Is it standard in a robbery for the homeowner’s insurance to waive your deductible?

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Jeffrey Johnson is a legal writer with a focus on personal injury. He has worked on personal injury and sovereign immunity litigation in addition to experience in family, estate, and criminal law. He earned a J.D. from the University of Baltimore and has worked in legal offices and non-profits in Maryland, Texas, and North Carolina. He has also earned an MFA in screenwriting from Chapman Univer...

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UPDATED: Jan 12, 2012

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Insurance Question from Ionia, MI

Asked on 01/12/2012

Is it standard in a robbery for the homeowner’s insurance to waive your deductible? Example: home robbed of items with a value of $1000. If the policy holder has a deductible of $500 does the insurance reimburse the total value of $1000 or $500? My friend argues that because a robbery is different than a fire, wind, etc. that there is no deductible even if the policy has a $500 deductible. Inquiring minds want to know!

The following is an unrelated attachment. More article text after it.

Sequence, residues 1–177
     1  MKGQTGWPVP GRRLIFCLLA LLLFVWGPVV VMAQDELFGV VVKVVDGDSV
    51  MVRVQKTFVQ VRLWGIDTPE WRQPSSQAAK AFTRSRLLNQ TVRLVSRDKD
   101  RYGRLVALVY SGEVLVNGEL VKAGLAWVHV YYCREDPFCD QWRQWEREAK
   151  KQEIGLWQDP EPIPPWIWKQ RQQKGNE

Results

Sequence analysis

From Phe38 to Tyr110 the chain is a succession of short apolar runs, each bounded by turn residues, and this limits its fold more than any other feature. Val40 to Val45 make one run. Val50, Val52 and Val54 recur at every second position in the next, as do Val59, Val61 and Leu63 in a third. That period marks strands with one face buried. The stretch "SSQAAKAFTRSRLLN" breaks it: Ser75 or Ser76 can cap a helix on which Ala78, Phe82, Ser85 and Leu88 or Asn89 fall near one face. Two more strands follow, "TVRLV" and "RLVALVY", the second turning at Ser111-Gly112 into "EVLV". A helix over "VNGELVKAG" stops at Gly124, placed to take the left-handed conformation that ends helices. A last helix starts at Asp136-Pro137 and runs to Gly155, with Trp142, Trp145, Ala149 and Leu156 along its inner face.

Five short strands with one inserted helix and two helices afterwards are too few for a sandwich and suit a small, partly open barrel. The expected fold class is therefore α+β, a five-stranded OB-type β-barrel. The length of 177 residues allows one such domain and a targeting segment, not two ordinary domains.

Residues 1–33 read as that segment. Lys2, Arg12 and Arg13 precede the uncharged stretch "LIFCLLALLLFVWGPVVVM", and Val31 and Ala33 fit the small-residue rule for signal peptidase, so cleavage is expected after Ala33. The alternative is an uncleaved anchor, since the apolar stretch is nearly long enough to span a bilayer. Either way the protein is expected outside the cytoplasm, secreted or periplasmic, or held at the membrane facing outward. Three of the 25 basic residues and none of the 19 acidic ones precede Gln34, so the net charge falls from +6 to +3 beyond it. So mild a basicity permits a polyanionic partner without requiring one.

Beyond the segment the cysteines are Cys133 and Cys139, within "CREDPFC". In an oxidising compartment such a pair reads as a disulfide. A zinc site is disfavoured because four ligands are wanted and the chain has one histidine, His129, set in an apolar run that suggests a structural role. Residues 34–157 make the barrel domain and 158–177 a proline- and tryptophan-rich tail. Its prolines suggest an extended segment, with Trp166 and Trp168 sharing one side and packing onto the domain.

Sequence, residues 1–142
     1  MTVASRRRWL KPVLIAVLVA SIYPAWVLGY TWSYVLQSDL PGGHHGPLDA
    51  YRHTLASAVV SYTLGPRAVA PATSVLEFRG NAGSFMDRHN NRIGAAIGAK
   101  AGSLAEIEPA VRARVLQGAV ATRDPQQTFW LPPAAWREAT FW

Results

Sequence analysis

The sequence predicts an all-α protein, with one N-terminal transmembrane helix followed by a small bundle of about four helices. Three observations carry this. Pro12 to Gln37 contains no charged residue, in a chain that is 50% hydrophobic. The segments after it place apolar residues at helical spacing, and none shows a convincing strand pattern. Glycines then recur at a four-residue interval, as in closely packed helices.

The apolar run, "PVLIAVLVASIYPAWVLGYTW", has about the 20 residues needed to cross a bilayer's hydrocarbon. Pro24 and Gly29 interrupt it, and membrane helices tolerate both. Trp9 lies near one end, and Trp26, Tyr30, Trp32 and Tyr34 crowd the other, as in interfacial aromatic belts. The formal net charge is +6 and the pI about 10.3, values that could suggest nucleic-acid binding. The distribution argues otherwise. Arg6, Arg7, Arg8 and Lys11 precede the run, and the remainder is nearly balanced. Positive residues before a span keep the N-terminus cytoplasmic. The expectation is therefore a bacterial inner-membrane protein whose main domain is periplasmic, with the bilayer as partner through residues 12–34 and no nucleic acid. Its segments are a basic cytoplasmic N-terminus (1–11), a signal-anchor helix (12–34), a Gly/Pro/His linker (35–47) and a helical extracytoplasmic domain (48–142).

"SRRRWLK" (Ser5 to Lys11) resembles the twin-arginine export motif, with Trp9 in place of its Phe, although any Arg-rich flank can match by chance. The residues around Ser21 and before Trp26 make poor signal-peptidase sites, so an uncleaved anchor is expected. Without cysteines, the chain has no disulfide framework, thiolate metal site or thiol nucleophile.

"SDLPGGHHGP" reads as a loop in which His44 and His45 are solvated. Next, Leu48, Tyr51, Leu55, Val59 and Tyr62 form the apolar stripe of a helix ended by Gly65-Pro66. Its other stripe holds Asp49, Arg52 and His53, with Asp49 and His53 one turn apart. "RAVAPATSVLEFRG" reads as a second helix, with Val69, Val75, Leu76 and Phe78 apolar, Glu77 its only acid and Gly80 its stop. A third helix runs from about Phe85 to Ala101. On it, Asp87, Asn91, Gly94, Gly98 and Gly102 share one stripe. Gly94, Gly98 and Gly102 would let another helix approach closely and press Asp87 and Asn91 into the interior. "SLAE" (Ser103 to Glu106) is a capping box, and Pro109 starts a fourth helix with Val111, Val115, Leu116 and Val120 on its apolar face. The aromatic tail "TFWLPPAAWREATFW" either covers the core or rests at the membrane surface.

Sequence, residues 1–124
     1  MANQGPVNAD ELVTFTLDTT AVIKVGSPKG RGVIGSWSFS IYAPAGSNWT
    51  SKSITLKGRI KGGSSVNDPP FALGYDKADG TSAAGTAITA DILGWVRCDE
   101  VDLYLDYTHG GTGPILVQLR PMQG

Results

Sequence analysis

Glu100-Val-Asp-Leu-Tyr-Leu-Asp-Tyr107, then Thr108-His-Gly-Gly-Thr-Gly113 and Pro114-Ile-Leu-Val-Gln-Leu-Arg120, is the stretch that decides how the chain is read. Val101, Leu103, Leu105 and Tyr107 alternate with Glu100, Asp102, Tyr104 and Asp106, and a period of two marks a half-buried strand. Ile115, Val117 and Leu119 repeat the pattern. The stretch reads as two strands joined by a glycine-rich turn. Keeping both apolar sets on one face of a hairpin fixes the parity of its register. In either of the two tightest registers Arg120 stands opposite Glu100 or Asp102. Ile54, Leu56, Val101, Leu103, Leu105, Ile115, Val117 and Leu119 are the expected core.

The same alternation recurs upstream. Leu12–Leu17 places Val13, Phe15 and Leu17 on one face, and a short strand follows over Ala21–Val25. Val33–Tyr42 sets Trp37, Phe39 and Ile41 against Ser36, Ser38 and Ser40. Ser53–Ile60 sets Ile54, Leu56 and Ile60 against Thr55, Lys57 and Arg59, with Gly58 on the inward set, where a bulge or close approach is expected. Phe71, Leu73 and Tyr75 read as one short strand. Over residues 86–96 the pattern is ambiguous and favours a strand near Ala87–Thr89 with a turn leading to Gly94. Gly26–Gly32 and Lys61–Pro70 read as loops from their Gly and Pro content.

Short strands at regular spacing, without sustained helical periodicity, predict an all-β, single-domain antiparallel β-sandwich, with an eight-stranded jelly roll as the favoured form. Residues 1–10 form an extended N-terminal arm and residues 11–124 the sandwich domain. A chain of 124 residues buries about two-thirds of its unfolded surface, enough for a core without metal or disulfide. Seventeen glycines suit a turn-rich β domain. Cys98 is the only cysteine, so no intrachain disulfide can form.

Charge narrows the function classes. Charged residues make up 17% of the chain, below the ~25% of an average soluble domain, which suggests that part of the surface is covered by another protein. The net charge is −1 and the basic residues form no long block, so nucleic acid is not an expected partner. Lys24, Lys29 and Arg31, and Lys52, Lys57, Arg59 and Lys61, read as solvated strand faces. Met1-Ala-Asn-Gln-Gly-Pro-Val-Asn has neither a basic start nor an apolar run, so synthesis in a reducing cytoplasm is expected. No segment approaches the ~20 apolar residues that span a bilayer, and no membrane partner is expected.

Answer given on January 13, 2012

Take out your home insurance policy.  Review the section that list causes of loss. It will say under theft if you subject to your deductible. Normally theft would incur a dedcutible.  Some insurance companies have a separate deductible for theft.  Others state you would incur the same deductible as stated on the policy.  One exception to this is if the items stolen were jewerly items that were schedule on a special protection property floater.  Most items scheduled on a floater do not incur a deductible for theft.  Hope this clears up your confusion.     

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